HUNGTINGDON, PA, May 21, 2015 (LifeSiteNews.com) – Spending life in prison without parole for murdering several newborn babies, Kermit Gosnell spends his days listening to music and thinking of himself as a “martyr,” according to the makers of the forthcoming Kermit Gosnell film.
Producers Phelim McAleer, Ann McElhinney, and Magdalena Segeida interviewed Gosnell for hours at the State Correctional Institution at Huntingdon, Pennsylvania – and they came away saying the doctor is remorseless, self-pitying, and enjoying far more liberty than they thought would be granted to a mass murderer.
The producers visited the central Pennsylvania penitentiary and spoke to the the late-term abortionist up-close – a little too close, they say. McElhinney said Gosnell sat uncomfortably close to her throughout the multihour session.
“We have just come back from Pennsylvania where we were the first journalists to sit down in prison to interview Gosnell,” the producers said in a mass email to their supporters. “The two hours we spent interviewing the former abortion doctor were two of the most disturbing hours of our journalistic careers.”
“The interview was one of the creepiest we have ever conducted,” the mass email continued.
Gosnell, they recounted, “is thought to have murdered hundreds if not thousands of babies in a 30 year killing spree.” Yet he has access to music, a subject he discussed at length. At one point, McElhinney said, Gosnell burst out into song.
Ann McElhinney told The Daily Signal, “I’m amazed at how pleasant his life is, the freedoms he has.”
Far from having repented of his crimes, Gosnell continues to justify his actions, they said.
“In his own version of the story, he’s a martyr – he’s part of a hounded class,” McElhinney said.
That assessment corroborates the views of others who interviewed the onetime proprietor of the “house of horrors,” where newborn babies had their spines severed, untrained staff administered fatal doses of drugs to poor women, and aborted fetal remains were found stuffed into every available crevice.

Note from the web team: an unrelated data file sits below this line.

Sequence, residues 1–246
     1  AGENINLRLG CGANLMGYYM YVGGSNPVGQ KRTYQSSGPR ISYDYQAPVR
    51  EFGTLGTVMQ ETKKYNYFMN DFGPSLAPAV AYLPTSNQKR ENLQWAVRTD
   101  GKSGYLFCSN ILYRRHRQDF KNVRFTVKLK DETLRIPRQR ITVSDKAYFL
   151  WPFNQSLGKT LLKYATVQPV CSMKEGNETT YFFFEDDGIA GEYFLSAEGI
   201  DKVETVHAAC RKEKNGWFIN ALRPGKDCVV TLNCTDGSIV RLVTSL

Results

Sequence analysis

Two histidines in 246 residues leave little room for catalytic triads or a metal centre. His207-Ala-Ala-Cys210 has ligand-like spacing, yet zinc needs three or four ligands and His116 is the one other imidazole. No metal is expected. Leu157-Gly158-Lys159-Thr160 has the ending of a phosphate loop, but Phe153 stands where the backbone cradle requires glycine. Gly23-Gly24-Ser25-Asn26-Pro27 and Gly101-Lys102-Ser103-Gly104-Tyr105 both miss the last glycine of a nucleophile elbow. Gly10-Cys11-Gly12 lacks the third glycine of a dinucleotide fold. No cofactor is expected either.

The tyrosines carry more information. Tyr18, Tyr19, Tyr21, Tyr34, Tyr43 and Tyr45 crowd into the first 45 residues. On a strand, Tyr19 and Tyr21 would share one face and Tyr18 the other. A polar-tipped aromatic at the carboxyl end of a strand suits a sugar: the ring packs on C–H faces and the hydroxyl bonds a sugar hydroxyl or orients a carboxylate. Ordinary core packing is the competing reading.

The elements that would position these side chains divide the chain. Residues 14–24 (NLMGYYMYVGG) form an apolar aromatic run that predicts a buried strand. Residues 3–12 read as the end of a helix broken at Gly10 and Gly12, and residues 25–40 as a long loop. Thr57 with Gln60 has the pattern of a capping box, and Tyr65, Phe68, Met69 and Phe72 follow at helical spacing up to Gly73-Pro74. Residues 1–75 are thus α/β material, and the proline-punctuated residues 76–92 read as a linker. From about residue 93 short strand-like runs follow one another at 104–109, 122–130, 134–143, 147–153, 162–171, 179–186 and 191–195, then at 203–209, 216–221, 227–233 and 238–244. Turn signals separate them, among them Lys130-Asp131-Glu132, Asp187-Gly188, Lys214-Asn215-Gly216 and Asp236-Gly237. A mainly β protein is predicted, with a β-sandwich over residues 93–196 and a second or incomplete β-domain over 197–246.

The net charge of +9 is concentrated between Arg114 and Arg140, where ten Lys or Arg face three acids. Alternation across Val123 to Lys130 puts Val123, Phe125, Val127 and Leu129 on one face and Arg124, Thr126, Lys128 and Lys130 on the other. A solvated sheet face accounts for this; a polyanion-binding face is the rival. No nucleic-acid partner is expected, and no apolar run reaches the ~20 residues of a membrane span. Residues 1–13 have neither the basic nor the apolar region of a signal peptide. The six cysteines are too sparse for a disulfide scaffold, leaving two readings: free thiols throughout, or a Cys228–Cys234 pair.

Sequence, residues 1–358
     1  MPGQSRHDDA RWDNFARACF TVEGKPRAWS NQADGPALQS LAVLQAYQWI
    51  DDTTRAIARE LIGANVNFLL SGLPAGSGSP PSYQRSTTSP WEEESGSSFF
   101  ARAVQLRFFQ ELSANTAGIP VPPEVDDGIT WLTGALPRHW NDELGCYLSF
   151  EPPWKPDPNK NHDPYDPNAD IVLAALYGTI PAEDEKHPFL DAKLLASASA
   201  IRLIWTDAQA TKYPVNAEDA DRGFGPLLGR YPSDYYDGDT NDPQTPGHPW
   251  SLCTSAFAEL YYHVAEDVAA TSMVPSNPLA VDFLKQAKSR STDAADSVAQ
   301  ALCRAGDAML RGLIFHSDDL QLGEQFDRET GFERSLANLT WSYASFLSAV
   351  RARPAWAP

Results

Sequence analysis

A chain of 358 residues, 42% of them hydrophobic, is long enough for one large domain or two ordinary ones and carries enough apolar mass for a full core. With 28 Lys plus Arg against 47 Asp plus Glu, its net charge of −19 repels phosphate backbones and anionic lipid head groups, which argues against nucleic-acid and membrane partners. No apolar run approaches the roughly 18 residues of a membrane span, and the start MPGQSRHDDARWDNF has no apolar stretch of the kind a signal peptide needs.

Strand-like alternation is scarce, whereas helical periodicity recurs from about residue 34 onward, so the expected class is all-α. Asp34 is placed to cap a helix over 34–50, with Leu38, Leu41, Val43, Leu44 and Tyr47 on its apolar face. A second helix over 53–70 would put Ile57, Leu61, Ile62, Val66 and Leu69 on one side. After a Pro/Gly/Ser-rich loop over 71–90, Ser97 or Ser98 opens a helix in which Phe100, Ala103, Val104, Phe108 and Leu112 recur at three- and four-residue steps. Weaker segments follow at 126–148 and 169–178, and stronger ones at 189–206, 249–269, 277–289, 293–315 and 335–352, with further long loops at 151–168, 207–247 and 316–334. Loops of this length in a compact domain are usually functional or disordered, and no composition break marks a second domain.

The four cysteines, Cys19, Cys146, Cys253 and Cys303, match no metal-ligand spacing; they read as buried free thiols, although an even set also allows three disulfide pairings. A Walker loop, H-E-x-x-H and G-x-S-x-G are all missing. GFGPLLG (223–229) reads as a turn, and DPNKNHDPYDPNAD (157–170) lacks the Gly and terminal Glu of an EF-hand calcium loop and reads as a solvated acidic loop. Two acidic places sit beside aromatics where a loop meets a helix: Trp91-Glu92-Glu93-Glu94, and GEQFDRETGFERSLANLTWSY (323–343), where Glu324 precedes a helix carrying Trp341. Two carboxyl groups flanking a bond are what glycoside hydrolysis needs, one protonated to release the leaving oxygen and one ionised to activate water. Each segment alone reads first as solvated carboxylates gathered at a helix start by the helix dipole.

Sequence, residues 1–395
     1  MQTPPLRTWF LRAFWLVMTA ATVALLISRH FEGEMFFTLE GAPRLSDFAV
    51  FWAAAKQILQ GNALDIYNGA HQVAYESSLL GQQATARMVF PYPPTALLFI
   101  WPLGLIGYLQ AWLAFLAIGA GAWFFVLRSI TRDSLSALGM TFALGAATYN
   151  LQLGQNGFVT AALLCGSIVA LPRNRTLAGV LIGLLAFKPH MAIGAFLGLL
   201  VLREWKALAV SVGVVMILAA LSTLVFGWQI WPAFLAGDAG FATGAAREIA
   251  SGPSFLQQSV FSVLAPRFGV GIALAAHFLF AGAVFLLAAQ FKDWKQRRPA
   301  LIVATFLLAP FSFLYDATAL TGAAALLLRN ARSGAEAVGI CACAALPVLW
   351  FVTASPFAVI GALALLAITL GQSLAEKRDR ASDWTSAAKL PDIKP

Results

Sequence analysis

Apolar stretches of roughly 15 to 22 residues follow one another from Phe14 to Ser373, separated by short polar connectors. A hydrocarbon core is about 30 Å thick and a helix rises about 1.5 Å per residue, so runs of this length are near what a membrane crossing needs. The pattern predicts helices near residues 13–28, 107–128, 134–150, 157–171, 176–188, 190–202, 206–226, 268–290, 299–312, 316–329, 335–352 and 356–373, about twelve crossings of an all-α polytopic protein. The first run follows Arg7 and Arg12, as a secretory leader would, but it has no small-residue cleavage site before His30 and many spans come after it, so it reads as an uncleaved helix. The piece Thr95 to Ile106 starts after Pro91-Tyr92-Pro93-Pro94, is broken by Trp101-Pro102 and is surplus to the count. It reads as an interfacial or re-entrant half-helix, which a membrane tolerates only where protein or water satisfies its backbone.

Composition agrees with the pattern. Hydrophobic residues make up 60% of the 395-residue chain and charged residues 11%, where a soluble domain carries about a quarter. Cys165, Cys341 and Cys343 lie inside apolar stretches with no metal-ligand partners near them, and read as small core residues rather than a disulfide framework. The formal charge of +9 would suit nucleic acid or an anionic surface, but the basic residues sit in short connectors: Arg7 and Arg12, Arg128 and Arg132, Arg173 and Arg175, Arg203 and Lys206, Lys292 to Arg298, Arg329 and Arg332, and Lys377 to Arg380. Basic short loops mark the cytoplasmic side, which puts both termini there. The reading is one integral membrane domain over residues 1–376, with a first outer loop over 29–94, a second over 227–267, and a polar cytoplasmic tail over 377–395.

In September 2013, Steve Volk interviewed Gosnell for Philadelphia Magazine. Gosnell, he wrote, “sees himself as having performed a noble function in society.”
“It's not as if he feels guilty about what he did,” Volk said. “He believes he was a soldier at war with poverty.”
By plying his trade in poverty-stricken West Philadelphia, in a majority minority neighborhood, Gosnell believed he helped reduce the city's low income population.
“In this larger spiritual sense, he believes he was performing a service for people,” Volk said.
After his conviction, Gosnell sought to work with Hillary Clinton's embattled charity, the Clinton Global Initiative or the Bill and Melinda Gates Foundation on issues of “prison and justice reform.”
“He believes that he gained insight into what it's like to be pushed into the system, without the capacity to explain himself,” Volk said.
Gosnell's self-confidence has seldom been questioned, from the dismissive way he treated police who searched his home – playing Chopin on the piano as they searched his flea-ridden basement – to the way he carried himself in court. Defense attorney Jack McMahon had also told reporters after the guilty verdict that the mass murderer “truly believes in himself.”
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The filmmakers, who have produced several right-of-center documentaries, plan to make a big budget, big screen film about Gosnell's life. They continue to raise funds for their efforts at GosnellMovie.com.
But they may need a breather after encountering Gosnell himself.
“I’m still recovering, actually,” McElhinney told the Signal.